I stumbled across this interesting piece about player interaction in MMORPGS from a link sent by Ian - with whom I spend a lot of time in Warcraft.
He'd initially sent it for the breakdown of race / gender / faciton stats - which confirmed my hunch that there really aren't many Lady Taurens in game. Only 19% of players have female horde characters, and only 11 % of Taurens are female in game, and only 18% of warriors are female... so - erm, no, I don't have enough data to work that one out, but I'm a minority in a minority of a minority - and I bet even more so as I'm actually a female player, and there are less of us.
Digressions aside, further down the blog is a discussion of how avatars signal their behaviours and interactions in game. There are obviously /emotes in game, but those are very deliberately signalled by the user. I tend to use a lot of /emotes, but it's something to do with playing with my real-life partner a lot of the time; we make a joke of our real-life status in game, so we'll often /kiss or /hug on meeting. I have a personal preference for /tickling in-game strangers, too - especially whilst on the zeppelin, which is idle time in game terms. I'm like one of those japanese tube perverts.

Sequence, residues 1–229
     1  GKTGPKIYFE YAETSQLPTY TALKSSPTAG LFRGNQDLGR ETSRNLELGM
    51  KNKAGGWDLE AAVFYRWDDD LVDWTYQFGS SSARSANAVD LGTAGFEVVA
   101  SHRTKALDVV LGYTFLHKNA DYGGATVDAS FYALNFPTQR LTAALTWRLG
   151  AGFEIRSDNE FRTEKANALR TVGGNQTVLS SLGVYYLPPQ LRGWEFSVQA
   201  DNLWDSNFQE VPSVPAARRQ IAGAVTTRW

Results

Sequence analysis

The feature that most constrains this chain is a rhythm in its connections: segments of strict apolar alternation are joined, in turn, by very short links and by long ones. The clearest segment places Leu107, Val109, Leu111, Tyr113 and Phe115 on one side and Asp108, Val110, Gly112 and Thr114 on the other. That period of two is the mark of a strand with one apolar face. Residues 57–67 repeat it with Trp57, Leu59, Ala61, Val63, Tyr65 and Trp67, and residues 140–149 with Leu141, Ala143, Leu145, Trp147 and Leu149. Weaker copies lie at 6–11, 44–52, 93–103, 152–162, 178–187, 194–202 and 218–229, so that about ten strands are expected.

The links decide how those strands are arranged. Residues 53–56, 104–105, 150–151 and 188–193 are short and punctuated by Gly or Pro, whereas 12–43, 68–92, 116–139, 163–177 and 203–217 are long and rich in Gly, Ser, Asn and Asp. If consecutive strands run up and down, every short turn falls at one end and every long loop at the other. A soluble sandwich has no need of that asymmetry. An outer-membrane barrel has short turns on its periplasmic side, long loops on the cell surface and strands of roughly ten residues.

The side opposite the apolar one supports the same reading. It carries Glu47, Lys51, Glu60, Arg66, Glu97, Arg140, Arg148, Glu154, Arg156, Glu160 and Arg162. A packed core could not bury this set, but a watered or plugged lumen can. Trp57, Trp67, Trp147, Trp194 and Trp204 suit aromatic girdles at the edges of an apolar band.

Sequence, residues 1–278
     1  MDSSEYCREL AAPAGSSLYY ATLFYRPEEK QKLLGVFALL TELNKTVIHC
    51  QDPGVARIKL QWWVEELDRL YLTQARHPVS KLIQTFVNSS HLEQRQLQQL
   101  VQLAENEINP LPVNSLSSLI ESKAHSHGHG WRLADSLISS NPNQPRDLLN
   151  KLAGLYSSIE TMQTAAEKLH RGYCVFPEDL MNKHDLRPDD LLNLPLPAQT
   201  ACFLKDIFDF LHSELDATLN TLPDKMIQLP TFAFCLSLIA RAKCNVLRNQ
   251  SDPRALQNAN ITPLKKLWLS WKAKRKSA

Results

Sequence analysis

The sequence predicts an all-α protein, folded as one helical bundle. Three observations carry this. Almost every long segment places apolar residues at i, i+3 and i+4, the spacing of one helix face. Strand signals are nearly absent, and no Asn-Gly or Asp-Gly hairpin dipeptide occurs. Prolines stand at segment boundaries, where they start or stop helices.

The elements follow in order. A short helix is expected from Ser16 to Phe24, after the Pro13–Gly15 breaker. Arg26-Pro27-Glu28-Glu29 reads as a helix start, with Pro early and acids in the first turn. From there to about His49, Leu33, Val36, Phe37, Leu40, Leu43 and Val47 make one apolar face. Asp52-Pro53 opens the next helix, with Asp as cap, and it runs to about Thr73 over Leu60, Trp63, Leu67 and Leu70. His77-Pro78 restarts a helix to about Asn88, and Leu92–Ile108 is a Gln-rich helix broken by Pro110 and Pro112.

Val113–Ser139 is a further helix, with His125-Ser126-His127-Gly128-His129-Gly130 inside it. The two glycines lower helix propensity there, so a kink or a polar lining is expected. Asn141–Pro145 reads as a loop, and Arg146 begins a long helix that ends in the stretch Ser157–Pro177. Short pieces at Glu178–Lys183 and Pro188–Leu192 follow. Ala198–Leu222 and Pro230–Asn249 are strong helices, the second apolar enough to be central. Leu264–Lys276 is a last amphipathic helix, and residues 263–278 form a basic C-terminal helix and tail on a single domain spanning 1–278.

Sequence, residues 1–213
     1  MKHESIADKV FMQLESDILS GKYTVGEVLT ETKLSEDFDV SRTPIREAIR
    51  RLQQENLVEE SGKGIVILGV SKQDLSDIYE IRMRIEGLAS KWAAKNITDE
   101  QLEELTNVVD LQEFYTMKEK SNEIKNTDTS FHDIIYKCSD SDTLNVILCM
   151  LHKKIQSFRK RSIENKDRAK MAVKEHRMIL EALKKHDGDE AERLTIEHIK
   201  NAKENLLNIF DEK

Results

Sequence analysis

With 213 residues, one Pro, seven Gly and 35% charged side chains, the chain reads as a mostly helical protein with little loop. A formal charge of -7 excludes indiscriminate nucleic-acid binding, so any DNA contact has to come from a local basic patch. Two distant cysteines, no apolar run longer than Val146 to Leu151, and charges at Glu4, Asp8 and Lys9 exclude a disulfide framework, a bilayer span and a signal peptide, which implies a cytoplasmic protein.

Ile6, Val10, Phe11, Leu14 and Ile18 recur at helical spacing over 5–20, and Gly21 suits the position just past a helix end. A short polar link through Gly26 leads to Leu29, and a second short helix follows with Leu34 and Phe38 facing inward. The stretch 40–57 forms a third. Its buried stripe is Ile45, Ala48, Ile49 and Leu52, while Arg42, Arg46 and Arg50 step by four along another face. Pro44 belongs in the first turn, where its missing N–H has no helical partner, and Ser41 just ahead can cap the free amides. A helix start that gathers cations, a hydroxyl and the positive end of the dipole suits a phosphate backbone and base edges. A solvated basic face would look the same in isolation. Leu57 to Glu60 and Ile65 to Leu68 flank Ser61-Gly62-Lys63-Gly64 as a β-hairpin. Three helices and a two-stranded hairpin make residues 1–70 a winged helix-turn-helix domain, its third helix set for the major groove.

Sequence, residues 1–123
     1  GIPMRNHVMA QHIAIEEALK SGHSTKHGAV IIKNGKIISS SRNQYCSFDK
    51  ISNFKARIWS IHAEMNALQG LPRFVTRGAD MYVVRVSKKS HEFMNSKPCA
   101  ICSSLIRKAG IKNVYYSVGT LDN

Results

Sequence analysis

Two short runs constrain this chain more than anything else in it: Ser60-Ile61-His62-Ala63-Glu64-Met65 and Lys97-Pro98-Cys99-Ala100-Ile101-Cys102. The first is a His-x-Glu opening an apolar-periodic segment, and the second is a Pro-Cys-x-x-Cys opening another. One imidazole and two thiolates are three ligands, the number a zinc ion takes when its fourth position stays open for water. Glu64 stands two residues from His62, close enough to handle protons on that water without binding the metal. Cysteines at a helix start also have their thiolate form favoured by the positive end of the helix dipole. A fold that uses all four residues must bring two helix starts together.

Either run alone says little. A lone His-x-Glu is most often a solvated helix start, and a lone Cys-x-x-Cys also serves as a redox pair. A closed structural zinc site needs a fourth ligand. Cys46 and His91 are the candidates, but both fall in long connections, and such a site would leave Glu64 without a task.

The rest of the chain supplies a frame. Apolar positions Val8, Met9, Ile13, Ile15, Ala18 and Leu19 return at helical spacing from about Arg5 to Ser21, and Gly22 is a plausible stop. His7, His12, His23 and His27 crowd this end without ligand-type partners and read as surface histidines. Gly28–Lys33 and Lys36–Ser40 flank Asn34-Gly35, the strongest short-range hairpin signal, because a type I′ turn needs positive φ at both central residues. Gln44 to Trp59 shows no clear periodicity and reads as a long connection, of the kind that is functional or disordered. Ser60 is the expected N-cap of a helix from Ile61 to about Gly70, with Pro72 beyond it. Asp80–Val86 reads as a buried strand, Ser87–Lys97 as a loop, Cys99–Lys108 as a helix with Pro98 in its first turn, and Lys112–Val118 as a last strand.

The fascinating thing is the analysis of the possible behaviours an avatar could display whilst the player was performing in game actions. For instance, if you consult a map, you're not 'seeing' the world; your character could signal this by having their face hidden behind a large unfolded map. Fiddling with objects in bags also takes a player away from concentrating on their avatar - so their avatar could appear distracted by ferreting through bags in game.
The problem of facial expression not being visible at a distance is simple to solve in WoW - you only see it when targetted on someone, and then only in the small character information lozenge that displays...
Simple observation of real life behaviours do map on to game worlds, and help bring a tangibility to the social aspects of the game. It would be interesting to find a game with rich charater interaction modelled into it, and compare the rates of 'anitsocial' play with a less-rich environment. It would be nice to find out if social behavioural cues help foster greater socialisation (sociability, or 'good behaviour') in game.